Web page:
In his best-selling book, Outliers, Malcolm Gladwell described what has come to be known as the "10,000 Hour Rule". The gist of the 10KHR as it has been popularized is that many relatively ordinary people can become experts in a particular discipline or activity simply by practicing it for a long period of time, like 10,000 hours or ten years. The other popular variation is that it requires at least 10,000 hours to master a particular discipline. The meme has become popular enough to induce the predictable counter-meme headlines in many news outlets: "The 10KHR is wrong!"
Gladwell's assertion was based on some research conducted chiefly by by Dr. K. Anders Ericcson, a Swedish psychologist and professor at Florida State, who came up with the concept of improved performance through "Deliberate Practice". Ericcson has a new book out, Peak: Secrets from the New Science of Expertise, that discusses Deliberate Practice in detail.
Both Ericcson and Gladwell were interviewed on a recent Freakonomics podcast, which is found here with a transcript. In summary:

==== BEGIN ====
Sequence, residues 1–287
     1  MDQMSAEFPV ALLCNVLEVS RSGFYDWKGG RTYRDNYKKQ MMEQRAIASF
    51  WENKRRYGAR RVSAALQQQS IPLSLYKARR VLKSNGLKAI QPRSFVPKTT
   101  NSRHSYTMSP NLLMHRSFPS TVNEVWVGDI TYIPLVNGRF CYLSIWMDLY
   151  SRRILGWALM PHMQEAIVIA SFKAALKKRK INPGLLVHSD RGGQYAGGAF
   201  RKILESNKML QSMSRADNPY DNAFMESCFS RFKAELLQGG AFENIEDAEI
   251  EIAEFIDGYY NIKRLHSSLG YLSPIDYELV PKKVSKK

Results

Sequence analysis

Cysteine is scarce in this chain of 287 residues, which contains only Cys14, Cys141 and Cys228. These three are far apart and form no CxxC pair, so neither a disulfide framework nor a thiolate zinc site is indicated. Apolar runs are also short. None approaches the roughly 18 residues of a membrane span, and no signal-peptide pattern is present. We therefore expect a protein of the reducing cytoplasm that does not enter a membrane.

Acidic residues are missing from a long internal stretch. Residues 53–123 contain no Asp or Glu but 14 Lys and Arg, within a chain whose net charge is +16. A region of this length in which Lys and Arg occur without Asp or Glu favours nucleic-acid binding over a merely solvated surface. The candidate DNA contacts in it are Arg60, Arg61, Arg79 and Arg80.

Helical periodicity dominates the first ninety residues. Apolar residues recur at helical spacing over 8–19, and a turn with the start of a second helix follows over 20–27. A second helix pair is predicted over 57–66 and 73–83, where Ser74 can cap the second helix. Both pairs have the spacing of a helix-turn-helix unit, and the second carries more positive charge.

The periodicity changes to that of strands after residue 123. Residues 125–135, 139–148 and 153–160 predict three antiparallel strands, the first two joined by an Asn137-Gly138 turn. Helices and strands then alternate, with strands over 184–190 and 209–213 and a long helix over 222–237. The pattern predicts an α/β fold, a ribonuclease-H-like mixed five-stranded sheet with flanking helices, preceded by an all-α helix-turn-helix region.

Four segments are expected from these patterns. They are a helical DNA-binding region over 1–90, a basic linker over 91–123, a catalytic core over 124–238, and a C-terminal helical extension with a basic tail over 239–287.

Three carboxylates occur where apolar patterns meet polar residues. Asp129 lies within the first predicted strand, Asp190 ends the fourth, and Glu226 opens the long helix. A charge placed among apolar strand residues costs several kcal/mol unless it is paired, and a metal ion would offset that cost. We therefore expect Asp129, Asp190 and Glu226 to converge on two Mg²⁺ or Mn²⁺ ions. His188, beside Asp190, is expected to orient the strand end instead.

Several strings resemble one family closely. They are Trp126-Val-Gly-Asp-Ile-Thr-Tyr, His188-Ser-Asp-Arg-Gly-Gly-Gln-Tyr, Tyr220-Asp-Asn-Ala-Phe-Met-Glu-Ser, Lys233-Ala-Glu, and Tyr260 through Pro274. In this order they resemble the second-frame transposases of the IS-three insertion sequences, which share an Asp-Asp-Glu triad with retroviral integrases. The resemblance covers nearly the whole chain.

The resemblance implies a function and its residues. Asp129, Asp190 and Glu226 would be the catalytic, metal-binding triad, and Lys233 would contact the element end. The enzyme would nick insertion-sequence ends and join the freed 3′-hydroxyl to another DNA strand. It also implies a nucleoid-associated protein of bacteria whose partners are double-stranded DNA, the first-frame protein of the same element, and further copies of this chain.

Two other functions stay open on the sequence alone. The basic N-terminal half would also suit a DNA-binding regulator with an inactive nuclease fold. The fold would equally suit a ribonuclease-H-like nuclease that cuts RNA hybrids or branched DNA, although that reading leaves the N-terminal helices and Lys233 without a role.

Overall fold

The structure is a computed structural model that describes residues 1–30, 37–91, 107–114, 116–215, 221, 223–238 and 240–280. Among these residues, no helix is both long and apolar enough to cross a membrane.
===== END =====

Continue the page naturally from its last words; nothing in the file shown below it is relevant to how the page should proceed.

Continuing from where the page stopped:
So what does a view of the 10KHR and Deliberate Practice look like through the Lenses of Wisdom? Let's take a look.
Looking through the Prospecting Lens first, we see that the 10KHR as popularized has effectively become a System 1 heuristic. When we accept a rule of thumb like the 10KHR uncritically, we run afoul of a number of cognitive biases, including:
THE NARRATIVE FALLACY. In our continuous attempt to make sense of the world we often create flawed explanatory stories of the past that shape our views of the world and expectations of the future. We assign larger roles to talent, stupidity, and intentions than to luck.
The 10KHR is an "intentions" rule in particular. It actually disregards talent and other factors.
THEORY-INDUCED BLINDNESS. “Once you have accepted a theory and used it as a tool in your thinking, it is extraordinarily difficult to notice its flaws. If you come upon an observation that does not seem to fit the model, you assume that there must be a perfectly good explanation that you are somehow missing."